Apart from the absence of noise, several physical and behavioural cues can indicate someone is drowning. These signs may vary depending on the individual and the circumstances, but it is important to be vigilant and look out for any potential indicators. Some common physical signs include a vertical position in the water, with the head tilted back and the mouth at water level. The person may also appear to be gasping for air or hyperventilating, as they desperately try to breathe.

Behavioural cues can also provide valuable insights into a potential drowning situation. A person who is drowning may exhibit a glassy or unfocused look in their eyes, as their body and mind are solely focused on survival. They may also be unable to kick their legs or move their arms effectively, as their energy is directed towards keeping their head above water. Additionally, individuals in distress may appear to be climbing an invisible ladder, as they instinctively try to lift themselves out of the water.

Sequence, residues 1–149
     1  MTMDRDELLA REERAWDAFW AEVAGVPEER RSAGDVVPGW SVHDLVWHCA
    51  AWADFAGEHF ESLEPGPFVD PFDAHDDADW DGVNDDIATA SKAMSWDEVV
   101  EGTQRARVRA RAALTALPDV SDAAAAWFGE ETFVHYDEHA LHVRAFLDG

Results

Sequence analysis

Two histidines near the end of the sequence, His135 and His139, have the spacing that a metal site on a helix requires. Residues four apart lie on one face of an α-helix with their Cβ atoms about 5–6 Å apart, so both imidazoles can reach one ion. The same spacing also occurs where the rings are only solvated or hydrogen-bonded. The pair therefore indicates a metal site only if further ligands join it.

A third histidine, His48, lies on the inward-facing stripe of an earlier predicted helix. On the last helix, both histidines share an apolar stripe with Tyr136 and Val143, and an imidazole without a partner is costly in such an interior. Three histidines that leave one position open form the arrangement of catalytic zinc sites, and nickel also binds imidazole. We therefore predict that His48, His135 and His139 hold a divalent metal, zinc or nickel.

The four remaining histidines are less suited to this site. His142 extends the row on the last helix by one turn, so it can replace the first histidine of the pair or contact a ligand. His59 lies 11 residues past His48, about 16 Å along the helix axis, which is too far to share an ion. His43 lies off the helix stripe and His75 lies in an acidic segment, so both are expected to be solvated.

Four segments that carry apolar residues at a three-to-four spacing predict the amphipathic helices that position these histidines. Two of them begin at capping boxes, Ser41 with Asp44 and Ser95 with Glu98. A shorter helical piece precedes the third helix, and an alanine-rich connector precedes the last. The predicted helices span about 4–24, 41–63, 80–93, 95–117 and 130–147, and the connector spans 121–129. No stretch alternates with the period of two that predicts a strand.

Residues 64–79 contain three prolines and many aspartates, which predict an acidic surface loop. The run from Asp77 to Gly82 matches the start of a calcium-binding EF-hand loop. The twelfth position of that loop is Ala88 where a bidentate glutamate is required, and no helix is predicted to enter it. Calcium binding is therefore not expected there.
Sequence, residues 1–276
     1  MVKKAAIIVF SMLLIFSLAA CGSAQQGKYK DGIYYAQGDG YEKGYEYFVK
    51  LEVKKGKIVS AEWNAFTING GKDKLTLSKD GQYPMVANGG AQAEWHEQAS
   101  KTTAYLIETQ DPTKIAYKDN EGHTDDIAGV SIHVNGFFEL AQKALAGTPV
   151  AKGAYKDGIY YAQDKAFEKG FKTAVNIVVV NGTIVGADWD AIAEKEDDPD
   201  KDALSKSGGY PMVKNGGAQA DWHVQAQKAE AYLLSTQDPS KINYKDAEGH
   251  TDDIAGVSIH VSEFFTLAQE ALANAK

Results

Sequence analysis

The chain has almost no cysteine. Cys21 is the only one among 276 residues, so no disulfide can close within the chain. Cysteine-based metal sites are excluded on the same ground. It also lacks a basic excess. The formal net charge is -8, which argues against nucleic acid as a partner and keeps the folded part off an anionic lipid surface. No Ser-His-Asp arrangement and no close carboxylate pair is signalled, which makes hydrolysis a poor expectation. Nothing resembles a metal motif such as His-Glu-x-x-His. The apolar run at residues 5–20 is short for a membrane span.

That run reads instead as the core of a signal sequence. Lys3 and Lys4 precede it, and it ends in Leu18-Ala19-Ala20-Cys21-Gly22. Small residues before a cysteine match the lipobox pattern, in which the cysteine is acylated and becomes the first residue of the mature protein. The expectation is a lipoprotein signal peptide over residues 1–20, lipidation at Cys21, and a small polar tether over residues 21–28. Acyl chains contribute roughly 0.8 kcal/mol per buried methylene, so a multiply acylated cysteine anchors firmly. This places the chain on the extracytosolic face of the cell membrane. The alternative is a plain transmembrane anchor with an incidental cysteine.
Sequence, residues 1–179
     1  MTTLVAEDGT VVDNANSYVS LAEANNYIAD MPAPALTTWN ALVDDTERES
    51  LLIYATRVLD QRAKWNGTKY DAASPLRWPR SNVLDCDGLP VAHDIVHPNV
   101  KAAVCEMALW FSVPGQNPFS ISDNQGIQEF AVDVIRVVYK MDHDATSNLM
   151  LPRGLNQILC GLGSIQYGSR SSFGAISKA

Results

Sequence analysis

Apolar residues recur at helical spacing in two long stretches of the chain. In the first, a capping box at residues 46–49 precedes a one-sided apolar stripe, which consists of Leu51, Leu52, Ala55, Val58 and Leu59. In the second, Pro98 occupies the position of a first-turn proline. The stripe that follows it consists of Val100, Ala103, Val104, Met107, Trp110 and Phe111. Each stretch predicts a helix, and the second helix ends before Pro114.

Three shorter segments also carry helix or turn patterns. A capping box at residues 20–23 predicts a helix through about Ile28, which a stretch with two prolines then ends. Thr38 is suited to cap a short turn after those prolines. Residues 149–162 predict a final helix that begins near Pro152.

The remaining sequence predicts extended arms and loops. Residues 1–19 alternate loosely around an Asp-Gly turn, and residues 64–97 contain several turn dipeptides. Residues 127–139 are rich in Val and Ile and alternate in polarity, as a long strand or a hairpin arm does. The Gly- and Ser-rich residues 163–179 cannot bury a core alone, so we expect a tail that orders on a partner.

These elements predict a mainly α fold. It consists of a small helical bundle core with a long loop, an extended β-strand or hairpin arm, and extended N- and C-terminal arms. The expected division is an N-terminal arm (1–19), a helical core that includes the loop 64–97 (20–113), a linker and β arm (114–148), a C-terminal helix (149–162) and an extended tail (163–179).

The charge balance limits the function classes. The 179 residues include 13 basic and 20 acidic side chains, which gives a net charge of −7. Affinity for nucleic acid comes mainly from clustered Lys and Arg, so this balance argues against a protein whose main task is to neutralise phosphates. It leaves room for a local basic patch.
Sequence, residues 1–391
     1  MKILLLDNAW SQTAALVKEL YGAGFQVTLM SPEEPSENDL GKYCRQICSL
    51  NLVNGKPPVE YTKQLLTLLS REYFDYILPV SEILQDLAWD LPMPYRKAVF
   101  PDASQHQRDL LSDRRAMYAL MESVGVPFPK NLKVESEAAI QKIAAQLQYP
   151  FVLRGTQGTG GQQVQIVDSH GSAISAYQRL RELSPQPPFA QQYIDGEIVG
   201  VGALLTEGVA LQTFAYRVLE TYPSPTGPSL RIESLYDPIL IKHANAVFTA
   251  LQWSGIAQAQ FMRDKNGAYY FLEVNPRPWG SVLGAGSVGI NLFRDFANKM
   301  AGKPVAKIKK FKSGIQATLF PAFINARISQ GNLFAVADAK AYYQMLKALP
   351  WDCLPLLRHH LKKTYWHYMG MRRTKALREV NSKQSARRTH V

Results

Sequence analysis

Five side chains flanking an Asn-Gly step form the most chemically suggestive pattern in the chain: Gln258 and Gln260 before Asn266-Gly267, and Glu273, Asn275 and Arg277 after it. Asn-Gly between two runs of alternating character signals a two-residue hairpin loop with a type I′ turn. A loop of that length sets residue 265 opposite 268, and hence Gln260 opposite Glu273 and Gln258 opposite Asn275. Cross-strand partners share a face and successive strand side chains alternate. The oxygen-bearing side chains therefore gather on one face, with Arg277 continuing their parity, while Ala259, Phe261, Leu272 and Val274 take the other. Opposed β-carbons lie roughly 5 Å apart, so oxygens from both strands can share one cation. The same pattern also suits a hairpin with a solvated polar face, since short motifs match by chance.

The Diving Reflex

The phenomenon known as the Cold-Water Immersion Reflex or, more simply, the Diving Reflex, is an is a fascinating physiological response that occurs when our body is exposed to cold water. This reflex is most commonly observed in mammals, including humans, and it serves as a protective mechanism to help us survive in extreme conditions. It also has a significant influence on drowning incidents. This reflex is triggered when a person’s body is suddenly exposed to cold water, causing an automatic response that can be both beneficial and detrimental. When the body senses the cold water, it initiates a series of physiological changes to protect itself. Blood vessels in the skin constrict, redirecting blood flow to vital organs like the heart and brain. This helps to maintain core body temperature and ensures that these essential organs receive an adequate supply of oxygen and nutrients.